Tuesday, September 27, 2005

Hunting and Gathering

So, since we're still carless, it's a real pain getting food. We have to send a memo to get a motorpool car to go grocery shopping, so I do some shopping while I'm here at work.

You see, we at the Embassy surrounded on all sides by the city Marché. The Grand Marché is down the street, but there are tons of stalls on both sides of the street for blocks and blocks around. It's not just a security nightmare, but a traffic one as well. Every morning, cabs and motorbikes are dropping people and their goods off to sell. When it rains, as it did a couple of days ago, the already terrible roads get worse with huge puddles.
However, down the street from the Embassy is the only respectable butcher in town, Marox. So, for the second time, I walked down there this morning to get meat. They have a pretty good selection... I picked up some chicken breasts, steaks, and two types of sausages. There's a white sausage, which looks like bratwurst but really isn't, that we've tried before and liked. Then I got a package of "saucisse au curry," which doesn't really say anything at all about the sausage, other than it's probably spicy. Anyway, I got what I needed and went to pay.
One of the two cashiers is run by a nice French lady, who, since she's the only white face is the place, probably runs the store. It's not a nice generalization to make, but unfortunately it's usually true. I'd love to find a store actually run by some Togolese, or even regional Africans, but it's all Lebanese or French. She rang up my stuff, then I asked here where I could find some fish or shrimp. It went like this:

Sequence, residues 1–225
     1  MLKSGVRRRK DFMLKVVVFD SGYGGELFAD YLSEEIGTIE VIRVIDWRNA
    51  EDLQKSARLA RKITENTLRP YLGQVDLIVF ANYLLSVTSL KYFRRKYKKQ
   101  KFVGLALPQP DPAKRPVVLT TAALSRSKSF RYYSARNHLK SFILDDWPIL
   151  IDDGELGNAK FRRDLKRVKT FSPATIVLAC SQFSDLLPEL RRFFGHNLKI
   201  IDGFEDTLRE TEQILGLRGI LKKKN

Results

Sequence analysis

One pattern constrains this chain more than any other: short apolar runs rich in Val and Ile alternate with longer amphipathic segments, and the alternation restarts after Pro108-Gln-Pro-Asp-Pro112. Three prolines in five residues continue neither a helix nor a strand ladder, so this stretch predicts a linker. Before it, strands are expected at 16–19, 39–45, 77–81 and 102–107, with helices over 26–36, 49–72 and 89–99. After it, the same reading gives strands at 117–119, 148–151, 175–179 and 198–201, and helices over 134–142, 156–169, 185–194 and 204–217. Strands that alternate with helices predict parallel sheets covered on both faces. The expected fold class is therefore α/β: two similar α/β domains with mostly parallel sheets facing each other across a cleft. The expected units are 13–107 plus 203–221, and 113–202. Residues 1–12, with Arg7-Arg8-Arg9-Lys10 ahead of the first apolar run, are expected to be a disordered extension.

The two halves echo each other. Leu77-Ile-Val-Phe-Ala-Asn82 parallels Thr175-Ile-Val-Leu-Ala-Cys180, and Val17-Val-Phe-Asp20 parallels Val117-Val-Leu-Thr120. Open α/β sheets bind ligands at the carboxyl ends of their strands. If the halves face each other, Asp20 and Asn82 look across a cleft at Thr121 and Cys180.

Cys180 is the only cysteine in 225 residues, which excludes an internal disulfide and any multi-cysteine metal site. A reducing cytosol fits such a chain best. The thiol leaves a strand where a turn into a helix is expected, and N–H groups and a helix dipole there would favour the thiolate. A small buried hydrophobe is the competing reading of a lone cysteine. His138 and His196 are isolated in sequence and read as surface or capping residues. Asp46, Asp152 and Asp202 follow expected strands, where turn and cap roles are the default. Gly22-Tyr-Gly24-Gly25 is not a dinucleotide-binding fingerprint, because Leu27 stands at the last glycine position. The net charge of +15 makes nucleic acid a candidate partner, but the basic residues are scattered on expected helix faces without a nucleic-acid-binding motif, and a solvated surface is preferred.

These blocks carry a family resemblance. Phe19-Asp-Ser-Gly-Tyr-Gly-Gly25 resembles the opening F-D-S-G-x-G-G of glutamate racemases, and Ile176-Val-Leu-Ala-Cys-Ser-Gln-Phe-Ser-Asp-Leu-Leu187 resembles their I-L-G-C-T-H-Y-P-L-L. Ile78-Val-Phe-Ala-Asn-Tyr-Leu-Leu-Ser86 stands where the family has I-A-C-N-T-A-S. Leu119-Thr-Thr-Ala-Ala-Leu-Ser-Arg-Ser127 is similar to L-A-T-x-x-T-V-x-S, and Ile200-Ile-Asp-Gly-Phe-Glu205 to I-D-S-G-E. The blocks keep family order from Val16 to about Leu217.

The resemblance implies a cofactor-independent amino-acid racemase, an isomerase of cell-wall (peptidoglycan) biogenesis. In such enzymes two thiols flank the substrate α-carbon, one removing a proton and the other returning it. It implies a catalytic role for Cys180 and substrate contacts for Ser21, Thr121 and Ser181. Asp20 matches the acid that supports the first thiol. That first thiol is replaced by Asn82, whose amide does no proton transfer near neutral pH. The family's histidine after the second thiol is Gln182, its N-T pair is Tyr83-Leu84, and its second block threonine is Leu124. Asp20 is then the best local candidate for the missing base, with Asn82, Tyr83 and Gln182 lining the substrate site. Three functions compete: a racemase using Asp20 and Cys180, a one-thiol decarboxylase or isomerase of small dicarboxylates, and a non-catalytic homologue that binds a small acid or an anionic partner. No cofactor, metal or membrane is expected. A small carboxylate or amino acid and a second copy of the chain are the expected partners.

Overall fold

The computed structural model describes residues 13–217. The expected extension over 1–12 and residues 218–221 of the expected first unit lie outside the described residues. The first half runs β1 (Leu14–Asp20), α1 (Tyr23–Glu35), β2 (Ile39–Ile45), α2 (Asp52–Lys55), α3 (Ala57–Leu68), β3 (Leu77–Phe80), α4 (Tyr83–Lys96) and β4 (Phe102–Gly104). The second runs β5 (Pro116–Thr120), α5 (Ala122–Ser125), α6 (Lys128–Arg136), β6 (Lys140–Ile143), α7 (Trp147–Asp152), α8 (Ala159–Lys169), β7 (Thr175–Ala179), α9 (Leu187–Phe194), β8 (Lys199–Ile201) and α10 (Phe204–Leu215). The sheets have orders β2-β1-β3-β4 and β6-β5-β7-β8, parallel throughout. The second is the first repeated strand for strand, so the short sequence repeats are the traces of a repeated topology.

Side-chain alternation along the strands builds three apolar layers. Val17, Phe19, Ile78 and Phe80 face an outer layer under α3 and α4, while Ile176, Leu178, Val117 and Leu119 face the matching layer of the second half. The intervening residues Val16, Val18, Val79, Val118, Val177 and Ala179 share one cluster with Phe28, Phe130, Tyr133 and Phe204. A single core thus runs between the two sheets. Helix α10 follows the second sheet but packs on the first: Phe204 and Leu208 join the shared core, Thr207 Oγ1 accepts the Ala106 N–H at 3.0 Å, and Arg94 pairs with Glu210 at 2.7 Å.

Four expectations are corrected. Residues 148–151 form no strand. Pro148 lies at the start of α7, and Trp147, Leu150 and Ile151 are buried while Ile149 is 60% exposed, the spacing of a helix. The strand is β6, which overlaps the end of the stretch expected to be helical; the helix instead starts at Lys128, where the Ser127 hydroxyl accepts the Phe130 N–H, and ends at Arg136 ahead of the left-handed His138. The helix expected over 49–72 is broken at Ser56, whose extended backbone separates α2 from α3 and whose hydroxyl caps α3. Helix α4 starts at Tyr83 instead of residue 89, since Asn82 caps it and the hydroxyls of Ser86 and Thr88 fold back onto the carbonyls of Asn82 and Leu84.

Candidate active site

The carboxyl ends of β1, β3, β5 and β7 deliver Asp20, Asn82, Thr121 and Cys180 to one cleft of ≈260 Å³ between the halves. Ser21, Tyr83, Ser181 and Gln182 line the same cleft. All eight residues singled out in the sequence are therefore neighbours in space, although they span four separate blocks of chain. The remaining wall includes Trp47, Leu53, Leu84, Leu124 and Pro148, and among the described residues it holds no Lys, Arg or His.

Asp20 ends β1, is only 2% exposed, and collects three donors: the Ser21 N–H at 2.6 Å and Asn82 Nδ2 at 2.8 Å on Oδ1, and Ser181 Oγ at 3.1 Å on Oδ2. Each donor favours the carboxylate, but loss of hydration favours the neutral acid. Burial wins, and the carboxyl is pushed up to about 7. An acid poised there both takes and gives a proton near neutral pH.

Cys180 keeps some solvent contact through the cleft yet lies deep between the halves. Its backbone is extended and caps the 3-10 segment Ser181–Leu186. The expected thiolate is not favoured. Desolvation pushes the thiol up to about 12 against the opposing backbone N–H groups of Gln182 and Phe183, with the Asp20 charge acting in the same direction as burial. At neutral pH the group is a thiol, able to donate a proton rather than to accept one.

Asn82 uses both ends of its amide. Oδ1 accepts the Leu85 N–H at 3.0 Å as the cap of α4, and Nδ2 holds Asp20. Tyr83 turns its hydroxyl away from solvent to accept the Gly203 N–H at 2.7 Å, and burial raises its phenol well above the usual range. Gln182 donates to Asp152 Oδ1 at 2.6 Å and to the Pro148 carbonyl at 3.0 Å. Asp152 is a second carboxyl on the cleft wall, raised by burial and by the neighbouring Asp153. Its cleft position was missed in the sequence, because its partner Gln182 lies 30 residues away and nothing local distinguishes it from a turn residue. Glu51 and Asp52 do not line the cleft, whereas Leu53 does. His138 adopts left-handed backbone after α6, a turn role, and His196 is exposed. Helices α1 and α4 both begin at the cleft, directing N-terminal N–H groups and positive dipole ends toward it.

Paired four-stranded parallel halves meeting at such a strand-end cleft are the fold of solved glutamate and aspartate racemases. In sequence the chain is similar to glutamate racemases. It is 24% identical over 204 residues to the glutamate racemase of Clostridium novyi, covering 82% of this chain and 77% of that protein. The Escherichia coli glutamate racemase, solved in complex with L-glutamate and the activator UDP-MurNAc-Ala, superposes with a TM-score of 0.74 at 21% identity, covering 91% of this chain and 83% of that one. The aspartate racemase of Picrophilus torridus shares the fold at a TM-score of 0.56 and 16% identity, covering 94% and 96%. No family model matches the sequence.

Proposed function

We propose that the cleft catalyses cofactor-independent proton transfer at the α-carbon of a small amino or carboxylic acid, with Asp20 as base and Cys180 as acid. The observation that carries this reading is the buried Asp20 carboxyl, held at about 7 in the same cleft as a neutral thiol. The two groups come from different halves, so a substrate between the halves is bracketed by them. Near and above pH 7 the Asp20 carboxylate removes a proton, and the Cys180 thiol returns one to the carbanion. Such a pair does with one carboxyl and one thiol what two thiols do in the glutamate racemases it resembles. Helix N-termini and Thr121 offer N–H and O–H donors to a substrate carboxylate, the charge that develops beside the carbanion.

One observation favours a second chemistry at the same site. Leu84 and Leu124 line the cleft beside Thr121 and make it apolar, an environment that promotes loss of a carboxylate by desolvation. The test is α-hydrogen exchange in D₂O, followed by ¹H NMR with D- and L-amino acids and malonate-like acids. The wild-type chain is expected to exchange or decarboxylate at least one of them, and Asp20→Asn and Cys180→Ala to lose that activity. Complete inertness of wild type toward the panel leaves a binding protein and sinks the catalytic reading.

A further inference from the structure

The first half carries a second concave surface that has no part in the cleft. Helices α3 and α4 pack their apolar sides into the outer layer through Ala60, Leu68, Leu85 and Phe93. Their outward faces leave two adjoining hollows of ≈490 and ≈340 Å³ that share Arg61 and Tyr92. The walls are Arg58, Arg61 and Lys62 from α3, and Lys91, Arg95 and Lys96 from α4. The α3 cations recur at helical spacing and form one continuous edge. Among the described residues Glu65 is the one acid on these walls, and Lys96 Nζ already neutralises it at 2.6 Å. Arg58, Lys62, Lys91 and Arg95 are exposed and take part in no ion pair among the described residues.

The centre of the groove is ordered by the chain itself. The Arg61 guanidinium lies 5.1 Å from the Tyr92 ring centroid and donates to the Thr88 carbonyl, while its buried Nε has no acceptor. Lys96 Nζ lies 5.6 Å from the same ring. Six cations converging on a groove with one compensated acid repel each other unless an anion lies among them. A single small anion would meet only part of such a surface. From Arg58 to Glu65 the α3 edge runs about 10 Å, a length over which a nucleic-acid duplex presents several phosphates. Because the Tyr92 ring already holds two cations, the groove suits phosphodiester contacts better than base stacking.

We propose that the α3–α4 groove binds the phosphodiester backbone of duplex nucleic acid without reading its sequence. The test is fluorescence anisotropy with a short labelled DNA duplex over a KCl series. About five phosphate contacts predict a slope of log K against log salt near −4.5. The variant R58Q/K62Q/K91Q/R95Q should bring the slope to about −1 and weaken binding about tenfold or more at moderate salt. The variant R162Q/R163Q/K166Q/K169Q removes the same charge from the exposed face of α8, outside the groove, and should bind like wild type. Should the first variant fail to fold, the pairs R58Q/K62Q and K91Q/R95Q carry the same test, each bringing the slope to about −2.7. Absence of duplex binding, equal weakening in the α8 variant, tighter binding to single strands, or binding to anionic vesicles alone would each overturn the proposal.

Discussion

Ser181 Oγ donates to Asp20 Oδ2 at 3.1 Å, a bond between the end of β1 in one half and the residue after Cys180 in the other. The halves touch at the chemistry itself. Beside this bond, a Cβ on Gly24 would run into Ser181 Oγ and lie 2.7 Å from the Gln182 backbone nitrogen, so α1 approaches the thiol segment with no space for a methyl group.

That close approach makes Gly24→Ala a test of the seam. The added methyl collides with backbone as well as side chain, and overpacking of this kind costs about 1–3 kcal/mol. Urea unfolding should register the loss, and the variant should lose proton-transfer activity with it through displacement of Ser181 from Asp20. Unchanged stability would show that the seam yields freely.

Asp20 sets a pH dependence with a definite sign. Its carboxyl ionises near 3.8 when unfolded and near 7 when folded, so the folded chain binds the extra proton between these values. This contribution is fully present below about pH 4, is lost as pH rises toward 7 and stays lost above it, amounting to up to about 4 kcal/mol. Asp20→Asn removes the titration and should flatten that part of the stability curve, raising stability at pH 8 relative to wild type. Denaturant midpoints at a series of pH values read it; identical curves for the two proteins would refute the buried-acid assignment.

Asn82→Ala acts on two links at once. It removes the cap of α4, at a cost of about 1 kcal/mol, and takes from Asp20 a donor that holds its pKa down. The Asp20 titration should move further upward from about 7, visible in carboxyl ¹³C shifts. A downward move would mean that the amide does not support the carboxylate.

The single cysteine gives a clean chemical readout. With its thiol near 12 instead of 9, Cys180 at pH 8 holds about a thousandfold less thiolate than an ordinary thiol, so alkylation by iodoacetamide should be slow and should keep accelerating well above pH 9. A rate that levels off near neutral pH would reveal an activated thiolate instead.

"Avez-vous du poissons, ou des crevettes" (Got fish or shrimp?)
"Desolé. Mais il y a une poissonerie la-bas. Elle peut la preparer aussi." (Sorry. But there's a fishmonger over there. She can prepare it too.)
"Ou? C'est loin?" (Where? Is it far?)
"Non, c'est peut-etre 50 metres. Tout-droit, a gauche, dans le marché." (No, it's maybe 50 meters. Straight ahead, to the left, in the market.)
[-- At that point I was thinking about going. Thinking, sure, I could do this. I could buy fish. Then, as I'm leaving, she says to me... --]
"Ne laissez pas la femme vous tromper!" (Don't let the woman fool you.)
So that's what I had in my head as I walked out, went toward the Embassy to where she said to turn left, and saw the writhing sea of marchandeuses in the muddy, puddle-filled market.
So I chickened out. We can go without fish for a while longer. I didn't feel all that cool about wading into the market alone. Much less after a warning that they'd test my fish-picking skills.

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